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Daimler Trucks North America opens order books for all-electric freight trucks

Daimler Trucks North America has officially announced that it is accepting orders for its two all-electric freight trucks: The Freightliner eCascadia and eM2. The company claims that these are the longest-range commercial battery-electric vehicles. Production of both trucks will start in 2022. Daimler and Freightliner will also include access to a consulting team to allow customers to plan smooth integration of EVs into their fleet and create an ecosystem around them.

“From the reveal of proof of concept in 2018 to a demonstration fleet that’s in the hands of real customers, running real freight in the real world, to today’s moment where we are ready to formally welcome the nation’s fleets to all-electric freight movement, the entire team at Daimler Trucks North America is incredibly proud of our progress,” said Richard Howard, Senior Vice President of on-highway sales and marketing at Daimler Trucks North America. “Moreover, we are very excited to take this next important step into the future of carbon-neutral freight transportation with our great customers and dealers.”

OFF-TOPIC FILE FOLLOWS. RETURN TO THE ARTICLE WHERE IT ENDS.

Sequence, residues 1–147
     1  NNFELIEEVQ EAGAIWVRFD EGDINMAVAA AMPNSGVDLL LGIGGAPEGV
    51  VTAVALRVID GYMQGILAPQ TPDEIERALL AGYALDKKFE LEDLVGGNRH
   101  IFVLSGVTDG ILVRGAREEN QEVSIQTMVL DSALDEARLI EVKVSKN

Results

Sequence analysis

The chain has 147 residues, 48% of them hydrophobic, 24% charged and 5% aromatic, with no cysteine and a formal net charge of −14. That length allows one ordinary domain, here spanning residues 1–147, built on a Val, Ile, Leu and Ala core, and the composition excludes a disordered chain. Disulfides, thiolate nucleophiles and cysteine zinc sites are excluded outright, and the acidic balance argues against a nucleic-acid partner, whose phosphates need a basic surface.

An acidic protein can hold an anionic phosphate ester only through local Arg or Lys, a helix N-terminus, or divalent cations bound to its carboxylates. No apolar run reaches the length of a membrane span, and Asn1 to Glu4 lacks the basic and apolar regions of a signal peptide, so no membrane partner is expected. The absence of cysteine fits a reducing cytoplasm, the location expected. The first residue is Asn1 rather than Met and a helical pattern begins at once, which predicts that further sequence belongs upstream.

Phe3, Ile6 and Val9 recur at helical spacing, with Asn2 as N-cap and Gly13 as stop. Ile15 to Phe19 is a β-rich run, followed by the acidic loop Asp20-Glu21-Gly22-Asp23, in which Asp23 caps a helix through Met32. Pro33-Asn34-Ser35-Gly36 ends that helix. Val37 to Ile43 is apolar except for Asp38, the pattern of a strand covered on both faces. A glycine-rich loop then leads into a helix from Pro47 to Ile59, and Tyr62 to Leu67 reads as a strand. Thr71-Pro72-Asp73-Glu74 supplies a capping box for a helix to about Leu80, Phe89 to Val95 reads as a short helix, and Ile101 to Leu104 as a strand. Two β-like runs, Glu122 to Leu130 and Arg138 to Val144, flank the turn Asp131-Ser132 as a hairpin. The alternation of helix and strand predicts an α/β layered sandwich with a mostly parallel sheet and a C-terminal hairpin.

When production starts, the Freightliner eCascadia and eM2 will get a suite of advanced features from Detroit technologies. This includes the ePowertrain, the Detroit Assurance safety system suite, and Detroit Connect telematics. Both trucks will be offered in single- or dual-motor configurations with up to 23,000 lb-ft of torque, which is enough to handle the eCascadia’s GCWR of 82,000 pounds. A medium-duty eM2 can go over 230 miles per charge while a Class 8 eCascadia is capable of 250 miles.

Currently, 38 trucks are in pilot fleets that have covered over 750,000 collective miles and were financially supported by the South Coast Air Quality Management District (South Coast AQMD) and the Bay Area Air Quality Management District (Bay Area AQMD). This allows Freightliner and Daimler Trucks North America to get important data plus customer and driver perspectives. Additionally, the demonstrator trucks allow prospective customers to see how electrification integrates into their operations.

Written by Stefan Ogbac
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